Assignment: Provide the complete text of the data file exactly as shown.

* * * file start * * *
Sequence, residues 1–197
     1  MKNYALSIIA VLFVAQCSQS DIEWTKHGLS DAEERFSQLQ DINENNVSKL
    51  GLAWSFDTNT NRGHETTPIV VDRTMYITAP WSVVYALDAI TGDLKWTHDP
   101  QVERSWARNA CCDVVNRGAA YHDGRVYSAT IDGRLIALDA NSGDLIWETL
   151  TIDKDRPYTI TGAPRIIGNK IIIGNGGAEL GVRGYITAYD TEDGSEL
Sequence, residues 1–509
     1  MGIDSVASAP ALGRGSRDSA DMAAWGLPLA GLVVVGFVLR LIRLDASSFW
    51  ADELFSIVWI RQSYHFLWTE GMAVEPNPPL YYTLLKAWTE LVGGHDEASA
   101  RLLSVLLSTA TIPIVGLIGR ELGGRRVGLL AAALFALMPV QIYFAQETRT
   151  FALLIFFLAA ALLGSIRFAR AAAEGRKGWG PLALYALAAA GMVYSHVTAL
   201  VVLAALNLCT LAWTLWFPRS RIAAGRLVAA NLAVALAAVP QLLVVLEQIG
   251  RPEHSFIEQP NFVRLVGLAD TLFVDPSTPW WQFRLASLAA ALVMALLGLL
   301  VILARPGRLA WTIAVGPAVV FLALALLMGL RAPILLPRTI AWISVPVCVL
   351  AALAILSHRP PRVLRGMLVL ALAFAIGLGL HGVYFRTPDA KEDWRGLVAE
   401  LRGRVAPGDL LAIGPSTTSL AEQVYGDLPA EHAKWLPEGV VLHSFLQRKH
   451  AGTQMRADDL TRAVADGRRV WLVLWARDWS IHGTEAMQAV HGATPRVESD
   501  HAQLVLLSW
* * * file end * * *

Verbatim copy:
Sequence, residues 1–197
     1  MKNYALSIIA VLFVAQCSQS DIEWTKHGLS DAEERFSQLQ DINENNVSKL
    51  GLAWSFDTNT NRGHETTPIV VDRTMYITAP WSVVYALDAI TGDLKWTHDP
   101  QVERSWARNA CCDVVNRGAA YHDGRVYSAT IDGRLIALDA NSGDLIWETL
   151  TIDKDRPYTI TGAPRIIGNK IIIGNGGAEL GVRGYITAYD TEDGSEL
Sequence, residues 1–509
     1  MGIDSVASAP ALGRGSRDSA DMAAWGLPLA GLVVVGFVLR LIRLDASSFW
    51  ADELFSIVWI RQSYHFLWTE GMAVEPNPPL YYTLLKAWTE LVGGHDEASA
   101  RLLSVLLSTA TIPIVGLIGR ELGGRRVGLL AAALFALMPV QIYFAQETRT
   151  FALLIFFLAA ALLGSIRFAR AAAEGRKGWG PLALYALAAA GMVYSHVTAL
   201  VVLAALNLCT LAWTLWFPRS RIAAGRLVAA NLAVALAAVP QLLVVLEQIG
   251  RPEHSFIEQP NFVRLVGLAD TLFVDPSTPW WQFRLASLAA ALVMALLGLL
   301  VILARPGRLA WTIAVGPAVV FLALALLMGL RAPILLPRTI AWISVPVCVL
   351  AALAILSHRP PRVLRGMLVL ALAFAIGLGL HGVYFRTPDA KEDWRGLVAE
   401  LRGRVAPGDL LAIGPSTTSL AEQVYGDLPA EHAKWLPEGV VLHSFLQRKH
   451  AGTQMRADDL TRAVADGRRV WLVLWARDWS IHGTEAMQAV HGATPRVESD
   501  HAQLVLLSW